Brighton & Hove came to a solemn standstill this morning for the city’s Remembrance Sunday event at The Cenotaph, Old Steine. The service included a procession from Madeira Drive. Then hymns, prayers and a two minute silence, followed by the wreath laying of wreaths to remember the dead, and a reading from Laurence Binyon’s poem, For the Fallen.
Billie Lewis, Chair of the Brighton & Hove LGBT Community Safety Forum joined the Mayor, The Royal British Legion and other civic leaders in laying red poppy wreaths to honour the dead and remember the sacrifice of service men, women and people who died during the war, and those who died due to persecution from fascist regimes during the second world war. A second wreath was laid by the LGBT Safety Forum to honour & remember disabled people, including children who were tortured and murdered by the Nazi regime and other fascist regimes during the second world war.
Billie Lewis said “It’s important to remember the sacrifices of all service people, over the last 100 years of war and also of those who, through no fault of their own were persecuted, tortured and murdered by intolerant and genocidal regimes intent on eradicating anyone who their twisted ideas said were unworthy of life. We bear witness today to their loss, to the loss of brothers, sisters, parents and children who fought for liberty and justice during two world wars, and died fighting for their beliefs and way of life.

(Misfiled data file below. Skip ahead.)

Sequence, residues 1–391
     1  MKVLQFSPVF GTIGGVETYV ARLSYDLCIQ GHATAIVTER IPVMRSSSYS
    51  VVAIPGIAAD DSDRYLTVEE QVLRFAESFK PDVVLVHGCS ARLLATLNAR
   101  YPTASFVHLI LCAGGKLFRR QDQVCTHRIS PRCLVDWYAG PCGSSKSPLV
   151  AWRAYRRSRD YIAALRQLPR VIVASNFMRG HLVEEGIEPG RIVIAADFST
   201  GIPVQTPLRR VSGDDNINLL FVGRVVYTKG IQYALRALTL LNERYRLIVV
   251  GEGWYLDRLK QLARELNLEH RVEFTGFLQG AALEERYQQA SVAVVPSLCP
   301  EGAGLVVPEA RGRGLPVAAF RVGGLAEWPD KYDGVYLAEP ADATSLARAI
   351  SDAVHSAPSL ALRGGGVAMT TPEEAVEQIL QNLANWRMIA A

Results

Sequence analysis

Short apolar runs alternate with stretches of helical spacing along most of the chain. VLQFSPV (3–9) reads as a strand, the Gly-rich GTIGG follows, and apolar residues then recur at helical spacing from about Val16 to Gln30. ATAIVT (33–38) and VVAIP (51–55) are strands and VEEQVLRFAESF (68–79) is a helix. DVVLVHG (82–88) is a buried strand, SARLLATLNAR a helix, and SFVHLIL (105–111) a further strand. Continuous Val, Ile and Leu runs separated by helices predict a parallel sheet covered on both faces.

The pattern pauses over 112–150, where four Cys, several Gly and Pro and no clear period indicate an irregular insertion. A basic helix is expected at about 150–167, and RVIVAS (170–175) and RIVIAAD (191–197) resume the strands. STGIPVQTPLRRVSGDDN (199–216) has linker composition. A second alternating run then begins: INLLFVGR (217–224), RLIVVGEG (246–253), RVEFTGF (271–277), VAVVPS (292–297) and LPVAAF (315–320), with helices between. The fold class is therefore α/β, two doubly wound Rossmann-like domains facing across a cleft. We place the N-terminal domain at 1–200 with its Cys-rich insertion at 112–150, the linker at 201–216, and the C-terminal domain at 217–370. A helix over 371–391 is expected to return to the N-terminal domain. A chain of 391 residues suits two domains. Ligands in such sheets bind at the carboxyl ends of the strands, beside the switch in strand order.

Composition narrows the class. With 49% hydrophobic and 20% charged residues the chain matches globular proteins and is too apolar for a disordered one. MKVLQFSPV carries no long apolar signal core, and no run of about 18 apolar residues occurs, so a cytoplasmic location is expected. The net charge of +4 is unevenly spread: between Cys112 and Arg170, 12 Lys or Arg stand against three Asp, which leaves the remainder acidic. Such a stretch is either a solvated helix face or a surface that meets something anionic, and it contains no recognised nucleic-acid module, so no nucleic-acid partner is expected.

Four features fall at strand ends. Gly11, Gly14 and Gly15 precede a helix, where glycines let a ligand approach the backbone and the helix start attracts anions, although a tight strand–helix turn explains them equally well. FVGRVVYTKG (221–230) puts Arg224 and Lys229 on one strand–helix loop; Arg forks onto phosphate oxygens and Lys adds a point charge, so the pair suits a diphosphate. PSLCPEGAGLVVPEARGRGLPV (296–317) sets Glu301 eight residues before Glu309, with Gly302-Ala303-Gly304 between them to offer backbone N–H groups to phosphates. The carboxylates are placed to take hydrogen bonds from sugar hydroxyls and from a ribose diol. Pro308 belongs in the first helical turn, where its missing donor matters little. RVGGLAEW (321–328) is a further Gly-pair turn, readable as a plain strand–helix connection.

We also bear witness to lives and whole communities lost in the atrocities of war. ‘Lest we forget’ is not just a meme, it means something, it means we remember not just to honour the dead, but to remember why they died, in the pursuit of defending a way of life that was fair, inclusive and respectful of all types of people. We stood today, with the rest of the City, in silence. in respect, in remembrance. ”
Remembrance does not glorify war and its symbol, the red poppy, is a sign of both Remembrance and hope for a peaceful future. Find out more.